It is also possible that your preferred way of thinking is introversion. If so, you will like to reflect before speaking, will be measured and sparing with your words and will tend to conceal your feelings. Unfortunately, you may also look less socially confident than someone whose preferred way of thinking is extroversion, where brain and mouth are seamlessly joined.You may have to learn to play the extroverts at their own game.

Study the people in your team who seem to have this preference.

My bet is that you will be amazed at how much they say at meetings. Little and often - and much more often than your natural inclination - is probably a good rule here.

People with high personal impact are enthusiasts for their own ideas. I wonder what happens when you are advocating an idea that you really care about? At meetings, do you sit up, speak up, smile a lot and engage everyone in eye contact?

People who lack impact often secretly believe that the quality of an idea should speak for itself.

But if you do not show how much you believe in your own idea, why should anyone else take it seriously?

Finally, remember to dress for authority. This is not about being a clone or a fashion victim.You should already be dressing the part, so no girlish, flowery pastels if you are a woman, and no comfy brown cords if you are a man.

Q How do you tell a superior that tabling masses of complex papers at the last minute is unacceptable and means they are not being read and understood?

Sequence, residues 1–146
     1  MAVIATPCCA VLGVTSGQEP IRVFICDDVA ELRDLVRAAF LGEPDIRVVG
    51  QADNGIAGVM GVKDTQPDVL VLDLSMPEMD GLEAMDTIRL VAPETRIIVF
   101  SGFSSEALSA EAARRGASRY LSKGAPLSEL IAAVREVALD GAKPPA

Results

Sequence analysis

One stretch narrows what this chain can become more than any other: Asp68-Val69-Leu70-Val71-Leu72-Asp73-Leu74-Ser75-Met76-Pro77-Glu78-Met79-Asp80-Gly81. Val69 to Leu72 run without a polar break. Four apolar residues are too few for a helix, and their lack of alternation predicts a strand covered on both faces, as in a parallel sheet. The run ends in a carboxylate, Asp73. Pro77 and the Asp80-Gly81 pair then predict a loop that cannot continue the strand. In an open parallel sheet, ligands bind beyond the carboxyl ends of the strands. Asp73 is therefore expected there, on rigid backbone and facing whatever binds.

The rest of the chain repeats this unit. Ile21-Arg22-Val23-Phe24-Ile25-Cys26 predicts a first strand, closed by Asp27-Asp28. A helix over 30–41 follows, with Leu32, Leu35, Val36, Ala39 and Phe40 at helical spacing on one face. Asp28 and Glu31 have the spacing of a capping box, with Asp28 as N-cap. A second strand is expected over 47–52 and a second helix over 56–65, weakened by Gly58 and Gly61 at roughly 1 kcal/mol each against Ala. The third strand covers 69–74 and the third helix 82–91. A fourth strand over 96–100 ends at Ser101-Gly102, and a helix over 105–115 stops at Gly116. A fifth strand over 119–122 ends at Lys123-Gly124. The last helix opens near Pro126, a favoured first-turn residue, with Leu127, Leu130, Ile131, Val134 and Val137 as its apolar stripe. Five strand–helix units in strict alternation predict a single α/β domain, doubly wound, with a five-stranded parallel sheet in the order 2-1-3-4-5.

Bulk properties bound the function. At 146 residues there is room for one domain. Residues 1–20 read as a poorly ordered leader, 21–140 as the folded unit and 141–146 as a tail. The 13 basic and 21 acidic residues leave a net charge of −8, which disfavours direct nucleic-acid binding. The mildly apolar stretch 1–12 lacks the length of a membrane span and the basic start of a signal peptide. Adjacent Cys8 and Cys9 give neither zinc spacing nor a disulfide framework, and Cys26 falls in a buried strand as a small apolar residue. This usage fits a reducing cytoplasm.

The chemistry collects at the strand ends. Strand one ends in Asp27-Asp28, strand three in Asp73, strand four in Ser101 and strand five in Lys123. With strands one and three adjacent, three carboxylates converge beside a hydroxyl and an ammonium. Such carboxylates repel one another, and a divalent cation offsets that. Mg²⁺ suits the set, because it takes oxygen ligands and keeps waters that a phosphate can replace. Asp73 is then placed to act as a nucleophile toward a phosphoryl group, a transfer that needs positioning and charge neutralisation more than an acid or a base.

A How do you tell a superior anything that you feel might be uncomfortable for them to hear?

Judging by common experience, only with extreme difficulty.

Among the most obvious reasons, these stick out: fear of the other person's anger, and especially of career-damaging consequences;

genuine dread of hurting them;

not knowing how to frame the actual words; and over-deference to authority.

A rough rule of thumb is that the more senior the manager, the less likely they are to have asked for or to have received honest feedback.

A US study of healthcare chief executives demonstrated the risk to the organisation of this ignorance. The more the chief executive's vision of themselves was adrift from the perceptions of others, the worse the performance of the organisation.

Everyone knows about managing downwards, but far fewer people realise managing upwards is as important.

First, you need to build mutual trust by getting to understand your boss beyond the apparent simplicities of their work role.

How much do you know about the joys or stresses of their whole life, not just the work bit? What does the job look like from their perspective?

You may feel you cannot bring yourself to offer feedback one to one. If so, enlist the support of your colleagues. Let's assume they share your frustration with the rambling, too-late papers.

Under any other business, table the question of how papers are written and distributed.

Spell out the frustration you experience and the longer-term consequences. Keep calm, look for underlying causes and suggest solutions. It is unlikely your boss is the only offender.Make it a team issue - because actually it is.

By not challenging, you are all colluding. l Jenny Rogers is an executive coach with Management Futures.Email questions for her in confidence to nick. edwards@ emap. com marked 'Dear Jenny'. If yours is printed we will send you her new book, Coaching Skills .